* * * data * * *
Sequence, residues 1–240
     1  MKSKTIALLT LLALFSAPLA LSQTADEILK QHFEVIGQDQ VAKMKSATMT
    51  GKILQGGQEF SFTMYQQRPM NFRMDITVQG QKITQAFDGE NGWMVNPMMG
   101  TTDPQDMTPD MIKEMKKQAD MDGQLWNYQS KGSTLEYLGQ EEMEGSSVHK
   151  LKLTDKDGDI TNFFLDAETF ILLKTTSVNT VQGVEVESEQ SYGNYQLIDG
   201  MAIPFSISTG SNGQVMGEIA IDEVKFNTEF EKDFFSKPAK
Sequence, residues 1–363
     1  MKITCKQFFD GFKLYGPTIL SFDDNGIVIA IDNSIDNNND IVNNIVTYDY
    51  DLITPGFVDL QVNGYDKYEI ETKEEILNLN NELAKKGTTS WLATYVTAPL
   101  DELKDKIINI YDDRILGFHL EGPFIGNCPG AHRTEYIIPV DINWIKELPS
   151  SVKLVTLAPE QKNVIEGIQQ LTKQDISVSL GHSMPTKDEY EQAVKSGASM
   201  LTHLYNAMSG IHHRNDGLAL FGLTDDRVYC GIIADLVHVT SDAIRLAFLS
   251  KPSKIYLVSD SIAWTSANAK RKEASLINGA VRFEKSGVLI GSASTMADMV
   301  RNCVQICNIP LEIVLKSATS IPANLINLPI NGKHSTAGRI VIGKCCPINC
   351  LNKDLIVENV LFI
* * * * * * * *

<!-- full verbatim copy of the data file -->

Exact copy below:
Sequence, residues 1–240
     1  MKSKTIALLT LLALFSAPLA LSQTADEILK QHFEVIGQDQ VAKMKSATMT
    51  GKILQGGQEF SFTMYQQRPM NFRMDITVQG QKITQAFDGE NGWMVNPMMG
   101  TTDPQDMTPD MIKEMKKQAD MDGQLWNYQS KGSTLEYLGQ EEMEGSSVHK
   151  LKLTDKDGDI TNFFLDAETF ILLKTTSVNT VQGVEVESEQ SYGNYQLIDG
   201  MAIPFSISTG SNGQVMGEIA IDEVKFNTEF EKDFFSKPAK
Sequence, residues 1–363
     1  MKITCKQFFD GFKLYGPTIL SFDDNGIVIA IDNSIDNNND IVNNIVTYDY
    51  DLITPGFVDL QVNGYDKYEI ETKEEILNLN NELAKKGTTS WLATYVTAPL
   101  DELKDKIINI YDDRILGFHL EGPFIGNCPG AHRTEYIIPV DINWIKELPS
   151  SVKLVTLAPE QKNVIEGIQQ LTKQDISVSL GHSMPTKDEY EQAVKSGASM
   201  LTHLYNAMSG IHHRNDGLAL FGLTDDRVYC GIIADLVHVT SDAIRLAFLS
   251  KPSKIYLVSD SIAWTSANAK RKEASLINGA VRFEKSGVLI GSASTMADMV
   301  RNCVQICNIP LEIVLKSATS IPANLINLPI NGKHSTAGRI VIGKCCPINC
   351  LNKDLIVENV LFI